Atwood accuses Dubai book festival of censorship
Gay characters offended ‘certain cultural sensitivities’ say organisers
Thursday 19 February 2009
An international book festival in Dubai is facing the possibility of a mass walkout in its inaugural year with authors queuing up to protest against the censorship of a book that discusses homosexuality.
The Canadian novelist and former Booker Prize winner Margaret Atwood sparked the controversy by pulling out of the Emirates Airline International Festival of Literature after a fellow writer was blacklisted for offending “cultural sensitivities”.
The book at the centre of the latest storm is The Gulf Between Us, a romantic comedy by the English writer Geraldine Bedell which is set in a fictional Gulf emirate. It was due to be formally launched at the festival but has been withdrawn by the festival at the last minute because it features a gay relationship. Bedell commented: “Can you have a literary festival and ban books because they feature gay characters? Is that what being part of the contemporary literary scene means? The organisers claim to be looking for an exchange of ideas – but not, apparently, about sex or faith. That doesn’t leave literature an awful lot of scope.”
The festival director, Isobel Abulhoul, issued a statement in which she said: “I knew that her work could offend certain cultural sensitivities. I did not believe that it was in the festival’s long term interests to acquiesce to her publisher’s request to launch the book at the first festival of this nature in the Middle East.”
Atwood, a vice-president of the writers’ group International PEN, has infuriated organisers of the literary festival by posting a letter of protest on her website. “I was greatly looking forward to the festival”, the letter reads, “and to the chance to meet readers there; but, as an international vice-president of PEN – an organisation concerned with the censorship of writers – I cannot be part of the festival this year.”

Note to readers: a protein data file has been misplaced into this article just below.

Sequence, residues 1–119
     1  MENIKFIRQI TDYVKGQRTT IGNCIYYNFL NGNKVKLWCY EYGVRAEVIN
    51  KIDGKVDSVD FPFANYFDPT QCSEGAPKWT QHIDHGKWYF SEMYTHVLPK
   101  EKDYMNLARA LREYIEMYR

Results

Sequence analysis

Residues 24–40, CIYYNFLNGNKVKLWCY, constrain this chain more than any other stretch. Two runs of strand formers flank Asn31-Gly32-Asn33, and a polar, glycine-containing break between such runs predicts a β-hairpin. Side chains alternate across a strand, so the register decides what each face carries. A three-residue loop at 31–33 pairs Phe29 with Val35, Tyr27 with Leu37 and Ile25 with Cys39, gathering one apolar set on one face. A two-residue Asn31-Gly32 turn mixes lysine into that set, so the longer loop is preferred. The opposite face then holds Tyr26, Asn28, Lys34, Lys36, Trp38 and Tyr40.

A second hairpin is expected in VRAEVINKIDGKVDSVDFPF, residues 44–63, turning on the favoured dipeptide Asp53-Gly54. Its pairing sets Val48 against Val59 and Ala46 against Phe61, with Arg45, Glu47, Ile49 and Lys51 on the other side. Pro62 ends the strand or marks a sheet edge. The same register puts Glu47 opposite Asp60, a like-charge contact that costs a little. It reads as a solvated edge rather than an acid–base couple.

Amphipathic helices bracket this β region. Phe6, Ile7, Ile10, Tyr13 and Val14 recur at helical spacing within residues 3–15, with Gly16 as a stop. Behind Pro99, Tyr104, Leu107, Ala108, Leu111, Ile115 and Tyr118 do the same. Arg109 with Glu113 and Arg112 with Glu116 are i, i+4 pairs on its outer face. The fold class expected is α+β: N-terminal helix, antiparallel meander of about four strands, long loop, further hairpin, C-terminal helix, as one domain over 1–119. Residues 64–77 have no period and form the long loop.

Atwood goes on to express dismay at the “regrettable turn of events”. Just how regrettable, however, may not be clear until the full roll-call of dropouts is complete. Her boycott was reinforced with protests from other writers threatening to pull out. The children’s author Anthony Horowitz has written to festival organisers expressing “deep concern”. In an email to Abulhoul, seen by The Independent, Horowitz writes: “As both a children’s author and a member of PEN, I cannot be associated with a literary festival that opposes freedom of speech and which attempts to censor other writers … It doesn’t help that my name is being used constantly to promote the festival... in truth, I should have known about this earlier”.
Other writers may be emboldened to join Atwood in boycotting the event by the words of Jonathan Heawood, the director of English PEN.
“The idea of a literary festival is cultural exchange through literature”, Heawood said. “A festival that shuts its doors to anything mildly controversial isn’t really worthy of the name. Ultimately it is up to individual writers, but I applaud any others who follow Atwood’s example.”
Sixty-six authors from 20 countries, including Kate Adie, Jung Chang, and Louis de Berniéres, still plan to attend the festival.
TVBBC hopes latest Danish import will spell success
tvU2’s latest record has been accused of promoting sex between men
Arts & Ents blogs
- 1 Which country would be hardest to invade?
- 2 The man who filmed the Freddie Gray video has been arrested at gunpoint
- 3 How the language you speak changes your view of the world
- 4 Royal baby girl born: Duchess of Cambridge's second child will be a princess thanks to Queen
- 5 Uploading pictures to find out how old you are gives Microsoft the right to post them wherever they want
Daredevil, Netflix, TV review: Marvel wins first fight in bid for television domination with Charlie Cox's superhero vigilante
London art exhibition features portrait of Iraqi migrant shot dead in Iraq after being refused UK asylum
Grace Dent on TV: Peter Kay's Car Share made me genuinely LOL
Fifty Shades of Grey movie shows first sex scene 'after 40 minutes'
London Marathon: Best running songs from Beyoncé and Kendrick Lamar to 'Uptown Funk'
Over 50,000 families shipped out of London boroughs in the past three years due to welfare cuts and soaring rents
EU asylum policy is 'a direct threat to our civilisation', says Nigel Farage
Indonesia executions live: 'Hysterical' families heard prisoners being shot dead by firing squad
The Rothschild Libel: Why has it taken 200 years for an anti-Semitic slur that emerged from the Battle of Waterloo to be dismissed?
General Election 2015: SNP and its activists 'openly racist' towards the English, Farage says
EU exit would hit UK economy much harder than neighbouring countries, study finds